Shenandoah Terrace May 2018 Newsletter

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Around New Market

If you haven’t visited New Market in the spring before, you’re in luck: it’s shaping up to be a beautiful season! Our porches and walking path here at the Terrace are looking greener and greener, and many of us are enjoying the opportunity to spend a little time outside.

To take advantage of more of the Shenandoah Valley’s best outdoor offerings, we recommend a trip into Shenandoah National Park. The wildflowers there are in bloom, and can be seen along the over 500 miles of trails open for walking or hiking. If you prefer to travel by car, you can also drive along Skyline Drive. This beautiful, scenic route is open 24 hours a day, 7 days a week and is an easy way to take in lots of stunning views.

Animal lovers may also appreciate the opportunity to observe black bears, deer, wild turkeys, and more in the park. On its website, you’ll find tips for seeing wildlife safely and photographing animals from an appropriate distance. The park encourages visitors to share images they’ve captured on social media.

For more about Shenandoah National Park, visit their website through the National Park Service. We hope you get a chance to visit or explore our beautiful region, soon.


Resident Announcement

A very warm welcome to our new residents:
June Mathias, Melba Grove, Evelyn Ott, Larry Johnson, and Bob Whitehurst

 You may be gone from my sight,
but you are never gone from my heart.
Jim Jenkins and Carl Lafone

Activity Spotlight: The Old Becomes New Again

Back in April, we gathered our residents for a relaxing and fun sensory activity. Using colorful, bright squares of fleece fabric, our staff helped them create easy knotted blankets. We’ll let our pictures tell most of this story, but notice how the squares are large and soft to the touch. The big pieces make for easier knotting, and eliminate the need for any kind of stitching tools. Our residents enjoyed this simple, yet stimulating activity.

Responding to Dementia: Asking to Go Home

When a memory care resident asks to “go home,” it can be upsetting or frustrating. But, there are a few steps you can take to manage requests like these with kindness and care. Most residents are seeking comfort when they ask to go home, and can be helped by these three approaches:

1. Provide Calm Reassurance: If you can stay calm and collected while you’re addressing your senior, they’ll be more likely to stay calm, too. Try to keep your body landuage and tone of voice relaxed. Often, “I want to go home” is an expression of fear or worry. To ease those feelings, you can give a big hug if your older adult likes hugs, or gently stroke their arm. Stuffed animals, blankets, or therapy dolls may also be good, comforting choices.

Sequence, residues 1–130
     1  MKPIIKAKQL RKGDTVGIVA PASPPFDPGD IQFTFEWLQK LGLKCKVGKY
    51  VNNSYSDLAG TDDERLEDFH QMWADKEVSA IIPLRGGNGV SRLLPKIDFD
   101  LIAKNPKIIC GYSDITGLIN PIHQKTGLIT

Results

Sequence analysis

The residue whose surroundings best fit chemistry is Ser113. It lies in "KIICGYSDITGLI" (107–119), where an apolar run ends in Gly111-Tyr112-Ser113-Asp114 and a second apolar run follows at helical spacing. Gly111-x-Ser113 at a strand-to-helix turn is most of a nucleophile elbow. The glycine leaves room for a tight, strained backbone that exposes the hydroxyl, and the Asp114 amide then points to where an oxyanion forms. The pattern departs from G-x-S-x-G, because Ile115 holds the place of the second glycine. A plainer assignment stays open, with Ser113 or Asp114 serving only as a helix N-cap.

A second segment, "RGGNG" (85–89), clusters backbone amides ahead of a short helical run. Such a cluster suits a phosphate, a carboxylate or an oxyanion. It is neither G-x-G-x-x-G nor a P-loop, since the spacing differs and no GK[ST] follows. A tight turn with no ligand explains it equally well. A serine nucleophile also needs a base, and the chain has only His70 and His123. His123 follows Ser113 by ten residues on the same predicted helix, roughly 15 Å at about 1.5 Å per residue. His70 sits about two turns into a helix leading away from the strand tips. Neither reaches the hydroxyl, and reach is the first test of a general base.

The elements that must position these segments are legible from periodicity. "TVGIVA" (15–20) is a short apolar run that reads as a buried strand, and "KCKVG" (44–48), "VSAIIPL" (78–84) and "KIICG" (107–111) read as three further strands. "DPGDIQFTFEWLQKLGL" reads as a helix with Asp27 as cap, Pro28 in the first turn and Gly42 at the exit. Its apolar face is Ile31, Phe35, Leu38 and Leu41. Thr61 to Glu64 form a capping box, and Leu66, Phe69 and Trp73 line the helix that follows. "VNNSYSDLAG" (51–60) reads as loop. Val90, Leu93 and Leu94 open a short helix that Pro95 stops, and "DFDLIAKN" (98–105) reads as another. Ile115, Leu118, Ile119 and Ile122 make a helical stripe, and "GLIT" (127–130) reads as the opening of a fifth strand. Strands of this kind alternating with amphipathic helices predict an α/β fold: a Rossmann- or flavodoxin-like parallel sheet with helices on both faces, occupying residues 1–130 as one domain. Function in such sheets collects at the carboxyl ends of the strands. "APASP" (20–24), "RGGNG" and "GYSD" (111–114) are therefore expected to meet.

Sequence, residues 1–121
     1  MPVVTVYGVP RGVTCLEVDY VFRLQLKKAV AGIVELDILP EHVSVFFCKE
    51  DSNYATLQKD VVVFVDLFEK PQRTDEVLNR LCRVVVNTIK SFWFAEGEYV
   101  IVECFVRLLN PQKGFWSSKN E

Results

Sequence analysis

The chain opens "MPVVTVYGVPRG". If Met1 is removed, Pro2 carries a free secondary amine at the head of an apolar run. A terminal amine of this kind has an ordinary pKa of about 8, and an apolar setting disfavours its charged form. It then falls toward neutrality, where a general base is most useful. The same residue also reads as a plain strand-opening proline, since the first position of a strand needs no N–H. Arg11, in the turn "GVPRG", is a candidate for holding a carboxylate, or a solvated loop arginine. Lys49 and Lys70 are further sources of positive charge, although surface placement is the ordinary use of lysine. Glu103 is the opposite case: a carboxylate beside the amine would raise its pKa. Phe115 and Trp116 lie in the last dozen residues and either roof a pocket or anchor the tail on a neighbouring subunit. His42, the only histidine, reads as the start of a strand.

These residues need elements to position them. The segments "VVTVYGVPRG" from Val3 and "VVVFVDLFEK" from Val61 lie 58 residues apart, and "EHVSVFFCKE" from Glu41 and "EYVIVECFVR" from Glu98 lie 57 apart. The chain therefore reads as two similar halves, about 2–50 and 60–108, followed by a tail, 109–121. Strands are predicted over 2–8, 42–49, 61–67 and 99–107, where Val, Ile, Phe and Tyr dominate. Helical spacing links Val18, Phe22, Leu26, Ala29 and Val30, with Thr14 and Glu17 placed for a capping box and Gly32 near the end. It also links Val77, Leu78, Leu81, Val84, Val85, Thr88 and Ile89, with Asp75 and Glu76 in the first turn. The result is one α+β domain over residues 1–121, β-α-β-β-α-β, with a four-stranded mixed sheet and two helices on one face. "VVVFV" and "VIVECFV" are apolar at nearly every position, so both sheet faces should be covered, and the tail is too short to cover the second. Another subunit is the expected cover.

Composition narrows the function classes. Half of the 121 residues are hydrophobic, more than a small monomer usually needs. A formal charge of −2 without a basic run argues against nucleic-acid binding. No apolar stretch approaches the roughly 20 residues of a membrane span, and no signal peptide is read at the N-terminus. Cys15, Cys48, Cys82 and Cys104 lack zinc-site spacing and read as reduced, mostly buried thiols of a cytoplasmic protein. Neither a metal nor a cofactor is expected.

2. Don’t Try to Explain or Reason: Though you know that your resident is already in their home, it’s not productive to try and convince them that they are. Trying to reason or appeal to logic with an adult in memory care usually leads to frustration. They may become increasingly distressed and agitated, and are unlikely to accept your explanations. They may start to believe you’re keeping them from doing something they believe is important.

3. Agree, and then Redirect and Distract: The most effective way to manage requests to go home is to agree with them, and then help your resident move on. You can say something like “That’s a good idea,” or “We could go soon.” Phrases like these will help your senior feel heard and not dismissed. Next, gently guide your adult to other sights or activities. For instance, you could respond by saying: “Ok, let’s get your sweater for the ride over.” Then, while you’ll walking, stop for a cup of tea or another activity you pass along the way. You could also use the subject of their home to start a new conversation. Ask them what they like about their home, and then choose a part of their response to focus on. “Oh, you like the potted plants? I saw a beautiful one on this porch, let’s go take a look.”

These strategies take some practice, but are worth learning. If you have questions or would like more guidance for addressing requests to go home, just ask a member of our staff.